Rocky Mountain House National Historic Site is a hidden Alberta gem! This beautiful Parks Canada site offers camping, Trapper’s Tent, Tipi and Trapline Cabin experiences, an interpretive centre, hiking and so much more! We enjoyed our stay here immensely!
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There are so many places that we want visit right here at home, in Alberta, and that’s why we created our Alberta Bucket List! And we’re excited to continue to add new-to-us places as we discover them. Recently we had the chance to visit Rocky Mountain House National Historic Site, and we’re adding it to the list…this place is truly a hidden gem!
Rocky Mountain House National Historic Site commemorates the history of the fur trade in Alberta, which includes the famous explorer, David Thompson. Here you can learn the history of the fur trade in this area, and have a camping experience that takes you back in time!
The surprising thing about Rocky Mountain House National Historic Site, is how close it actually is to Calgary, Edmonton and Red Deer…most people don’t realize that it’s only about 2 hours and 15 minutes from both Calgary and Edmonton, and 1 hour from Red Deer!
For our first stay here, we decided to try out a Trapper’s Tent! And are we ever glad we did…this is a really fun experience.
Our kids loved it so much! Our youngest who is obsessed with early Canadian history, was particularly over the moon about staying in a trapper’s tent!
I mean seriously though…look how great it is!
You can also stay in Tipis…they sleep up to 8 people.
Or you can stay in Trapline Cabins that overlook the river. Next time we visit, we’ll definitely be staying in one of these cabins! The view is ah-mazing! Also, they can sleep up to 6 people with 2 sets of bunk beds and a queen bed in the loft.
After a full day exploring the campsite we settled in for a fire. Our teens really enjoyed the experience of trying to light our fire with flint and steel! After some s’mores we headed off to bed under the stars.
Our morning view #allthehearteyes
Your camping fee also includes a Fur Trade Camp Kit, which includes a bison hide inside the tent or tipi, a period cooking kit and utensils, a flint/steel fire-starting kit, bannock mix, trapper’s tea, spices, oil and soap. So of course we had to try the bannock mix for breakfast!
During the day there are all kinds of activities to partake in. The kids made beeswax candles….
We went on walks. You can take a hike on any of the area hiking trails…
We snapped pictures in the Parks Canada red chairs…
We took a tour of the Visitor Centre. Make sure to stop here and explore both the exhibits indoors and outdoors!
The exhibits are very interesting…David Thompson’s story is really incredible. As well, there are some really fascinating structures still standing, including these fireplaces from one of the original fort sites.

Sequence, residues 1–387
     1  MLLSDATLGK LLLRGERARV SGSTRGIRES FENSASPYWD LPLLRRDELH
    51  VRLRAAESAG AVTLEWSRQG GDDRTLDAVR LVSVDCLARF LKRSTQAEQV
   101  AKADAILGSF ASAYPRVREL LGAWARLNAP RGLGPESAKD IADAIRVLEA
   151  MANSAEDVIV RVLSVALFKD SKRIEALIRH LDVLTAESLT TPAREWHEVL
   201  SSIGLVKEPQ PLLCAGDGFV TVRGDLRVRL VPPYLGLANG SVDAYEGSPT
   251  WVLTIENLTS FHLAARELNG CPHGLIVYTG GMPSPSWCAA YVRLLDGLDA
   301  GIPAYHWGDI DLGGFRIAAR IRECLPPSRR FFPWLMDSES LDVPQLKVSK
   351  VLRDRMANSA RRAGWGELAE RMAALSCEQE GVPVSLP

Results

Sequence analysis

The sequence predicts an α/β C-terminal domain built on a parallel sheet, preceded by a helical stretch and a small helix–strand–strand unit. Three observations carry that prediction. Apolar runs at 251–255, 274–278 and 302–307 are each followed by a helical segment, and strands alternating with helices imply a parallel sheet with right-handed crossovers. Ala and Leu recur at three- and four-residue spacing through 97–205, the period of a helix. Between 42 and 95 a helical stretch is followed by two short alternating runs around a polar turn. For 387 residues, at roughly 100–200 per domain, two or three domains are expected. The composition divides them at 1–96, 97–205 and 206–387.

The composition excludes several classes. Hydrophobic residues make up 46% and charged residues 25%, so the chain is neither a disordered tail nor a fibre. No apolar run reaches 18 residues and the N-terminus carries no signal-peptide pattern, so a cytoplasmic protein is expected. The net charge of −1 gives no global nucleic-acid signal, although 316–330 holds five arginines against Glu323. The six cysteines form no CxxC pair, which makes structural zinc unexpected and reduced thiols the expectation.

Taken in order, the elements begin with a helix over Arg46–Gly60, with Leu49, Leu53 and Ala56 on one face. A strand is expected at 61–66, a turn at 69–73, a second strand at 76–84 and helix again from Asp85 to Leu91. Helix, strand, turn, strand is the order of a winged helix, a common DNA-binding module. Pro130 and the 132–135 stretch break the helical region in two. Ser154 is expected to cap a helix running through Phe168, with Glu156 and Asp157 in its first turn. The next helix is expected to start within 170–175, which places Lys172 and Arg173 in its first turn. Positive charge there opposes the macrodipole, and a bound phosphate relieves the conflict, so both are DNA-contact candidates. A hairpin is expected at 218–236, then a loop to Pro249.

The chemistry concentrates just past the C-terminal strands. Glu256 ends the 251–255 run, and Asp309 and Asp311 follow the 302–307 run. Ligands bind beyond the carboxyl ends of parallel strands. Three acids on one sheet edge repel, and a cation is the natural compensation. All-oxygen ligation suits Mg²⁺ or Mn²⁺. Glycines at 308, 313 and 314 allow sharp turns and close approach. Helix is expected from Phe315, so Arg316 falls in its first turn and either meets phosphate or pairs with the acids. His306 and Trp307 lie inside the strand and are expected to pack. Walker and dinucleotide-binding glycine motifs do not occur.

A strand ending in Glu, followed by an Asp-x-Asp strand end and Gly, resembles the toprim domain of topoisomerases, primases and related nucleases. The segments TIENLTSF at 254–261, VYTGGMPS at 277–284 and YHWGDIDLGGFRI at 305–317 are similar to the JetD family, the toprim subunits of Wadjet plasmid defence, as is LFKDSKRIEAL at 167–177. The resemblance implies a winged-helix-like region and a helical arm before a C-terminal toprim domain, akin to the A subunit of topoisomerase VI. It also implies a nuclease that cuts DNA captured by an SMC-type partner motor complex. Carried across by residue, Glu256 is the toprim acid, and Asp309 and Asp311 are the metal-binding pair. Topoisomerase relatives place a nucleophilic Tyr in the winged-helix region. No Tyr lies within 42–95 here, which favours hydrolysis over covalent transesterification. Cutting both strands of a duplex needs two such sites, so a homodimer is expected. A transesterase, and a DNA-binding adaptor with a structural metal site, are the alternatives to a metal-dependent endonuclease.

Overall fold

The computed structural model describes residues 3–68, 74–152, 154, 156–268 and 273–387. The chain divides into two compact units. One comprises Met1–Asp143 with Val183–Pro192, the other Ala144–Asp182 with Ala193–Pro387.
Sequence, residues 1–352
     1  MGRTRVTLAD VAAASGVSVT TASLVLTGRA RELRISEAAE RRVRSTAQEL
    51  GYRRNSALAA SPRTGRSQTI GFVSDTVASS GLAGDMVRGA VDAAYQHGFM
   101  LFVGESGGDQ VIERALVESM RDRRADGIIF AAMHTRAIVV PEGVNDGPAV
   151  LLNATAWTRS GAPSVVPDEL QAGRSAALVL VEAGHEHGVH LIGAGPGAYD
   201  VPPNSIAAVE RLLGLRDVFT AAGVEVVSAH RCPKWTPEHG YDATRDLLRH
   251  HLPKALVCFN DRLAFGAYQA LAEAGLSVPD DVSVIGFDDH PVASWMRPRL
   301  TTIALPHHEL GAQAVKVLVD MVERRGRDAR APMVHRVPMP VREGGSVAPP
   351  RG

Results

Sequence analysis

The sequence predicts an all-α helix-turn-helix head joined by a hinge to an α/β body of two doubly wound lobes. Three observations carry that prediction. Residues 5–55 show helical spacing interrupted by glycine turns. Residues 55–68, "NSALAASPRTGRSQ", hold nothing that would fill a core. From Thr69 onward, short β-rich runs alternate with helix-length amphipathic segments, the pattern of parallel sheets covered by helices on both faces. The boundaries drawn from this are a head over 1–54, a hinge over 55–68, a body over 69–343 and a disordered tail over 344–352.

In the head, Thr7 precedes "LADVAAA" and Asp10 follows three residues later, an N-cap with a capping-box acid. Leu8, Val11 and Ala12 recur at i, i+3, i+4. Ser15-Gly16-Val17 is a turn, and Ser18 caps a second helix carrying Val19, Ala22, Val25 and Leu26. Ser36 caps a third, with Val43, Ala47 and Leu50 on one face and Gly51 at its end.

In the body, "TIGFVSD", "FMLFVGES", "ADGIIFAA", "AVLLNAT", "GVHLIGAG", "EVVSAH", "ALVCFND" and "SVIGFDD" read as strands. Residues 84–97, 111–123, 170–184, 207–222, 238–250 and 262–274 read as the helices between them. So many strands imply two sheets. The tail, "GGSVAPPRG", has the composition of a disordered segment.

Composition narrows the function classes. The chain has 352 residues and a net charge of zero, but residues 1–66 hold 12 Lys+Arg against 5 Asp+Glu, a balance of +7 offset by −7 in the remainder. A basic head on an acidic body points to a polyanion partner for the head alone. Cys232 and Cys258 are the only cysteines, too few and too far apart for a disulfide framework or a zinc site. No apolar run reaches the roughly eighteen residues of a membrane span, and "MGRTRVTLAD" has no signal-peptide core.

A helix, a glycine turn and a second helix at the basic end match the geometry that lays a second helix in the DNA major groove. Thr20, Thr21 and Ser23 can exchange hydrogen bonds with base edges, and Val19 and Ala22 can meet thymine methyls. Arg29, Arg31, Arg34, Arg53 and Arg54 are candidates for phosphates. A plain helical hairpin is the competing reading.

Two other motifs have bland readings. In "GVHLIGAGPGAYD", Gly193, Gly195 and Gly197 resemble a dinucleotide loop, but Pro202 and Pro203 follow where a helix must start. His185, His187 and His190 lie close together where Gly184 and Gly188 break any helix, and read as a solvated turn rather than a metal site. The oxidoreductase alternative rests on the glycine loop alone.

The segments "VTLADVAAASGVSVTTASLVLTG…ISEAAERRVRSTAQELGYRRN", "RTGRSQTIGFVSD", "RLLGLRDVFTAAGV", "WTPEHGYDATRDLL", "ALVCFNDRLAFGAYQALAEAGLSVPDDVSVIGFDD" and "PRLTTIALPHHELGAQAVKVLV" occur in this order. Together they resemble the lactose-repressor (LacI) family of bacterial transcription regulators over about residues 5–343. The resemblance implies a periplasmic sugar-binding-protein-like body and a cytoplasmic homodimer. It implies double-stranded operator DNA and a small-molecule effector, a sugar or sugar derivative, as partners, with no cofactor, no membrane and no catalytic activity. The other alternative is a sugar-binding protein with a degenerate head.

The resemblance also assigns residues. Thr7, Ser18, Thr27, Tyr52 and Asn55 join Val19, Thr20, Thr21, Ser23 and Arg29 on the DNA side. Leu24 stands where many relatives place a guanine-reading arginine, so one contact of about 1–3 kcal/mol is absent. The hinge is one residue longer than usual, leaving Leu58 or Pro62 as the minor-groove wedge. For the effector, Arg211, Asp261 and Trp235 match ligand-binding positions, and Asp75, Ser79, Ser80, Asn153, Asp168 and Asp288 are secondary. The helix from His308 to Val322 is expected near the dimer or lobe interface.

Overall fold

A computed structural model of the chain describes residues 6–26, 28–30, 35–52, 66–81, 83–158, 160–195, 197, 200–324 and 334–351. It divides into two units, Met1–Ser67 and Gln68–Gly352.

This Big Adventure’s Thoughts:
Rocky Mountain House National Historic Site is truly a hidden gem! We’ve lived in Alberta our whole life, both in Edmonton and the surrounding area, as well as Calgary, and we had no idea this site was here. The area is gorgeous, the camping is great, the history is fascinating…it’s a must see!
Details for Camping at Rocky Mountain House National Historic Site:
- Trapper’s Tents, Tipis and Trapline Cabins are available to stay in. There are also both serviced and unserviced sites for tenting and parking an RV. For rates visit their website here.
- To book your site, visit the Parks Canada reservation page here.
- Your camping fee includes a Fur Trade Camp Kit which includes a bison hide inside the trapper’s tent and tipi, a period cooking kit and utensils, a flint/steel fire-starting kit, bannock mix, trapper’s tea, spices, oil and soap.
- There is no potable water on site, so bring your own. Make sure to bring a lot. The only way to access potable water is to purchase it right in the town of Rocky Mountain House. There is a pump where you can access water for washing dishes, but you have to boil it first.
- The toilets are outhouses, and there are no showers available.
- You can purchase firewood. The bundles are big and good value for your money.
- Dogs are allowed, but have to be on leash at all times.
- There are a number of hiking trails in the area, including a self-guided tour that is really great for kids.
- The park also has a really great visitor centre that tells you the history of the area. This centre opens at 10AM.
- You can also participate in a number of interpretive programs. Learn more about them here.
Tips for camping at Rocky Mountain House National Historic Site:
- Bring extra blankets! Make sure everyone has a sleeping bag PLUS at least 1 extra warm blanket. Even when the days are hot, because it cools down a lot a night. And being cold at night is not fun…ask me how I know 😉
- If you can fit them, bring extra sleep mats. Sleep mats are provided when you stay in a trapper’s tent or tipi here, but trust me when I say, an extra sleep mat is really really nice.
- Bring A LOT of water. There is no potable water available on site. (see above)
- You are in bear country here, so make sure to clean up your site at night and when you’re not there. Pack your food and toiletries in large tubs, as this makes putting away things really easy!
- You can walk to the Interpretive Centre right from the campground. It actually takes less time to walk there than drive!
- Make sure to explore the campground, as there are a number of really great points of interest here!
Parks Canada provided us with a complimentary two night stay here at Rocky Mountain House National Historic Site. As always, all pictures, opinions and writing are our own. We had a great time! Thank you to Parks Canada for this experience!